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Following the successful exhibition at Foam in 2014 of Vivian Maier - Street Photographer, this coming spring Foam presents the exhibition Vivian Maier - Works in Color. Vivian Maier (New York, 1926-2009) worked as a children’s nanny but took photographs all her life, without anyone in her vicinity ever seeing the results. Her work was only discovered after her death when a box containing negatives was offered to a local auctioneering house and immediately went on to become a worldwide sensation. Maier’s astonishing oeuvre is easily on a par with famous contemporaries.
Technological developments and the rapidly changing climate have altered our relationship to nature. Photography offers a means of observing the world and our effect upon it. But can it also act as a catalyst in adopting new ways of relating to what surrounds us? Following in the footsteps of the iconic landscape photographers of the nineteenth century, a new generation of artists is using contemporary visual technologies to record and to question our relationship to the world. They do so using the same modern technologies that increasingly pervade how we relate to the world: often electronically, and mediated by our digital screens.
Press release | May 2020
Paradisus, 2016 © Mali Arun. Photo: Thomas Ozoux
In front of the camera a breathtaking landscape in black and white unfolds, teeming with lush vegetation and overwhelming waterfalls. In search of a kind of 'primal image' of earthly Paradise, photographer and filmmaker Mali Arun (1987, France) travelled to the seemingly untouched Krka nature reserve in Croatia. What she found there turned out to be far from paradise. We see tourists 'consume' the landscape en masse as if it were an amusement park. As the film progresses, it takes on a steadily more oppressive undertone.
Press release | June 2020
Joris, Amsterdam 24 April 1991 © The Remsen Wolff Collection, courtesy of Jochem Brouwer 2020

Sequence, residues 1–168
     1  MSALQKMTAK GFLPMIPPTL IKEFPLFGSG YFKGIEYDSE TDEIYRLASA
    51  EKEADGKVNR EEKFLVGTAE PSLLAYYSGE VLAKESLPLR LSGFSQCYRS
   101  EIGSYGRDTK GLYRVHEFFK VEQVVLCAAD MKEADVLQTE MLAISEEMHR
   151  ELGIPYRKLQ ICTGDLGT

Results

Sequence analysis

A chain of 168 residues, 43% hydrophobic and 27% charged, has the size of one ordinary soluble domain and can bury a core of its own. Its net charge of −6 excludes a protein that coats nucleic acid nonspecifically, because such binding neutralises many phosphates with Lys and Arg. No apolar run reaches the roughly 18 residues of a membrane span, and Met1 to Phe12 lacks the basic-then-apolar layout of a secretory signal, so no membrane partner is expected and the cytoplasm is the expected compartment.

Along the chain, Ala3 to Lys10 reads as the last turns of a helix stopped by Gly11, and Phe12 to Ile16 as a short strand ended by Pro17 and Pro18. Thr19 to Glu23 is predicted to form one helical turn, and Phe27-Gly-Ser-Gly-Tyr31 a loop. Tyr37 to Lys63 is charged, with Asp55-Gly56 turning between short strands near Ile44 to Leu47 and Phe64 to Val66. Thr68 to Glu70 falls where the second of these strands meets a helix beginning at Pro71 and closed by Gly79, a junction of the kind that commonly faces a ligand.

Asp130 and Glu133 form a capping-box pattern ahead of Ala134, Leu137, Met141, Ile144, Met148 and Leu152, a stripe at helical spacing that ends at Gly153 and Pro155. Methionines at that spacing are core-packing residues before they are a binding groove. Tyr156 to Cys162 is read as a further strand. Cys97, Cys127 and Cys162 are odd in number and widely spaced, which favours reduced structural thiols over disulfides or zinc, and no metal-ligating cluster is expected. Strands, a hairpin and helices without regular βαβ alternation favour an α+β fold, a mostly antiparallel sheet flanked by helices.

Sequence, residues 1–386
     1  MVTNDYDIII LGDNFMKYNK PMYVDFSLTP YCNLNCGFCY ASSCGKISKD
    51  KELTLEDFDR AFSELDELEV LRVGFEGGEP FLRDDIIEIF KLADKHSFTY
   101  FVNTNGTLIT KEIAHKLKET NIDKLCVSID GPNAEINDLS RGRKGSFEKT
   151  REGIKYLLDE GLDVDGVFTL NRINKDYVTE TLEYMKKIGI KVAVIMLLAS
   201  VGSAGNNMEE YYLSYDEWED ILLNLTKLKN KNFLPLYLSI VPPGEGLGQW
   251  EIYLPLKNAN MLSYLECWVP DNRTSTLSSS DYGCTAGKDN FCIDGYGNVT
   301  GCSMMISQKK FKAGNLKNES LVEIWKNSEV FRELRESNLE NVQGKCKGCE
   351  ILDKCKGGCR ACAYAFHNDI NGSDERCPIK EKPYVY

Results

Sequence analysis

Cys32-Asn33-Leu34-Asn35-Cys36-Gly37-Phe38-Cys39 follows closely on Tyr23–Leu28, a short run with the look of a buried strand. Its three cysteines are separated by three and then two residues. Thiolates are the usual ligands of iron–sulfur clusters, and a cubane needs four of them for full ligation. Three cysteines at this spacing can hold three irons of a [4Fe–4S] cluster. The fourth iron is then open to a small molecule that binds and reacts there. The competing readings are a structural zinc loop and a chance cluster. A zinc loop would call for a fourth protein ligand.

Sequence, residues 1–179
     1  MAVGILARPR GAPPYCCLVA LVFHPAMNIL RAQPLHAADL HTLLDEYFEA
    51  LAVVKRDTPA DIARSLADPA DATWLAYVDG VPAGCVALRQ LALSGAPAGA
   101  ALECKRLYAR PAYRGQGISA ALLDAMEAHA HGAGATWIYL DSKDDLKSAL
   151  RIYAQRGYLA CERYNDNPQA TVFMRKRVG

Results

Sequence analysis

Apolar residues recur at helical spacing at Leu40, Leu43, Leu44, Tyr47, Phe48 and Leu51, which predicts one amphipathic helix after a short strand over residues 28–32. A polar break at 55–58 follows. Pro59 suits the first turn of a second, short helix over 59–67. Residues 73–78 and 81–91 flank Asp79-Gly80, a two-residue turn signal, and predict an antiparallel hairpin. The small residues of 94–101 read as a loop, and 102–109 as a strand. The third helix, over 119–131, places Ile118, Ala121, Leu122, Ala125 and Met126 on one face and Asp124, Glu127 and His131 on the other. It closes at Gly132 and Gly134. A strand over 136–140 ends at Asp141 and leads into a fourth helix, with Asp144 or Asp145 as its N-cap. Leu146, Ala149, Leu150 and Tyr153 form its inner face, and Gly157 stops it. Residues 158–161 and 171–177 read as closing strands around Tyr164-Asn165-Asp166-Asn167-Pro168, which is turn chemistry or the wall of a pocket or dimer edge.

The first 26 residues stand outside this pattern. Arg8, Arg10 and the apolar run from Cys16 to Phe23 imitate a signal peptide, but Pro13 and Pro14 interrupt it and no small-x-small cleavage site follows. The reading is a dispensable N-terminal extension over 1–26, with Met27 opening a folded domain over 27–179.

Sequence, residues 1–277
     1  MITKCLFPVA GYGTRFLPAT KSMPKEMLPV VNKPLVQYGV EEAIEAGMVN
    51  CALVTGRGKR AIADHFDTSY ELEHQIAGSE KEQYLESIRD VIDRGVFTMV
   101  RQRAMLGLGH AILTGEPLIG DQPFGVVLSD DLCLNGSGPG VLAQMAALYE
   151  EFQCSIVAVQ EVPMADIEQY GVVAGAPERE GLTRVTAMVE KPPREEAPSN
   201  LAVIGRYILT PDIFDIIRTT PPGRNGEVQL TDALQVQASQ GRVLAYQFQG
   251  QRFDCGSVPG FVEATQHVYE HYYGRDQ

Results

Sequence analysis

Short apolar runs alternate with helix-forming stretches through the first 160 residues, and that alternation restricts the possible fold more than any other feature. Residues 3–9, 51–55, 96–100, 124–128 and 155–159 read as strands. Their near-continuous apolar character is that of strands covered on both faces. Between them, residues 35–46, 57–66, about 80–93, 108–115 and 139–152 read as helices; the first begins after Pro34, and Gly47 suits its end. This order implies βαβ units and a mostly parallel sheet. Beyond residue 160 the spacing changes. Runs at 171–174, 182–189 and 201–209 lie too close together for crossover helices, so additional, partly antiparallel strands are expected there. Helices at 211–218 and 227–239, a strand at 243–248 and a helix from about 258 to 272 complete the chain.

The exhibition Remsen Wolff - Amsterdam Girls presents more than 50 vintage portraits and contact prints from the analogue archive of the American photographer Remsen Wolff (1940-1998). From 1990 to 1992, Wolff spent one month each year at the American Hotel in Amsterdam to work on the project Special Girls - A Celebration. For this project, Wolff made a series of portraits of transgenders in New York and in Amsterdam, the city known at the time as ‘the gay capital of Europe’. These unique portraits range from the exuberant and glamorous to the subdued and vulnerable. Together, the photographs show the huge variety in gender fluidity in the 1990s, beyond the exhibited publicly in notorious nightclubs such as Club RoXY and It.
Press release | February 2020
Reneta, Bucharest, Romania, 2018, Courtesy Eidos Foundation © Alec Soth / Magnum Photos
Magnum photographer Alec Soth (1969) has become known as the chronicler of life at the American margins of the United States. He made a name as a photographer with his 2004 series Sleeping by the Mississippi, encountering unusual and often overlooked places and people as he travelled along the river banks. A major retrospective in 2015 was followed by a period of seclusion and introspection, during which Soth did not travel and barely photographed. His most recent project, I Know How Furiously Your Heart Is Beating, is the result of this personal search, and marks a departure from Soth’s earlier work. Foam presents the first museum exhibition of his new series, consisting of portraits of remarkable people in their habitat, and still-lifes of their personal belongings.
Press release | July 2020
New Europe, London, from the series Afropean © Johny Pitts, courtesy of the artist.
In Afropean, writer and photographer journalist Johny Pitts (Sheffield, UK) examines the life of black communities, travelling across Europe. In search of the "Afropean" identity he went across the continent travelling from London to Paris, via Brussels, Amsterdam, Berlin, Stockholm, Moscow, Rome, Marseille, Madrid and Lisbon sketching an underexposed story about the continent in words and images. He travelled to Amsterdam to hear from The Black Archives about Hermina and Otto Huiswoud, fighters against colonialism and for black communism. He documented Cova Da Moura, the Cape Verdean Favela on the outskirts of Lisbon with its own underground economy and visited the Clichy Sous Bois district in Paris, where uprisings erupted in 2005 following the deaths of Bouna and Zyed, two boys who died after a chase hidden from the police.
Foam is supported by the BankGiro Loterij, De Brauw Blackstone Westbroek, City of Amsterdam, Foam Members, Olympus and the VandenEnde Foundation.